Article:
There is strong evidence that even after 10 years Social Security has no coordinated system for ranking plans, for determining which is efficient and which is not.
I find it hard to understand this 10-year failure to develop a yardstick by which the efficient may be rewarded and the inefficient removed from the system.
5. Finally, after examining the Federal Government/BCA contracts, we are concerned that Blue Cross Association is simply running interference as a middle man to lobby for an protect the interests of local Blue Cross plans, and their clientele, such as hospitals and the medical profession, and for the protection of the taxpayer's dollar.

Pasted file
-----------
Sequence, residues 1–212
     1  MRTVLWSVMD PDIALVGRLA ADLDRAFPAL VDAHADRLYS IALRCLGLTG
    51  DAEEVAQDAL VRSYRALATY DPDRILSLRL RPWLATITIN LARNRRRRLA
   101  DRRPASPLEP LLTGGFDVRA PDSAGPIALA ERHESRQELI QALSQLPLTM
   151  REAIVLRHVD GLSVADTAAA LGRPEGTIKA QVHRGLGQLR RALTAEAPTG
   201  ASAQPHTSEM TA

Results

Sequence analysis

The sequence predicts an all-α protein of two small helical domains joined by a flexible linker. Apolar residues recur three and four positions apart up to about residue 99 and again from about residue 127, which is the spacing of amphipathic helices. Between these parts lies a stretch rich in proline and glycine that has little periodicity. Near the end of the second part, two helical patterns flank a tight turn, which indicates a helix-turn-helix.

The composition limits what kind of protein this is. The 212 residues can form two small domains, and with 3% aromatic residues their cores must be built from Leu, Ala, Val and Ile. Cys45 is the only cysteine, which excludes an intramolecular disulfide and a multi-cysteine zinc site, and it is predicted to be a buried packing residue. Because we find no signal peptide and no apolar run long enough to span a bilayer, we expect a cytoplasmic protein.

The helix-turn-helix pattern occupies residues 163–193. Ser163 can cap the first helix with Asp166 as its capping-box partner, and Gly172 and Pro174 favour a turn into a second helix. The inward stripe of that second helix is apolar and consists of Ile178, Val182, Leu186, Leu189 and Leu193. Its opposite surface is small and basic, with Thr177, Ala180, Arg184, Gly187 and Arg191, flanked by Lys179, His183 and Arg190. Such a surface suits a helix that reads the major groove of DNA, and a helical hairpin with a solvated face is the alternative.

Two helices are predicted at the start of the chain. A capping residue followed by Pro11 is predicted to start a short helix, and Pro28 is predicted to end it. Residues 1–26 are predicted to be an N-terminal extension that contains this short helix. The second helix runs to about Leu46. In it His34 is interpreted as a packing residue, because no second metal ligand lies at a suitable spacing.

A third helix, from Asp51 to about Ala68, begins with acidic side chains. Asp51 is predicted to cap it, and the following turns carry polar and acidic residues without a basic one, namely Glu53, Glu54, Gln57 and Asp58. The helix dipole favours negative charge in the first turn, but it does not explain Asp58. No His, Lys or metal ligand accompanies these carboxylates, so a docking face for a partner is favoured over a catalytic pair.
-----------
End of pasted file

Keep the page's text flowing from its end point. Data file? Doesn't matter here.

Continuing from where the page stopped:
We have a series of letters between Social Security and Blue Cross in which the Bureau of Health Insurance's Director, Mr. Tom Tierney, who is with us today, strongly calls into question the worth of BCA'S services.
Therefore, we are interested in knowing what amendments in the Social Security-BCA contract have been negotiated so that the public does not pay for a series of duplicative administrative services.
This is a very large range of issues; we obviously will not receive answers to all these questions today.
I hope, however, that this will be just the beginning of a productive series of hearings which will not only provide improvements in the present system, but which will help us in making decisions concerning national health insurance.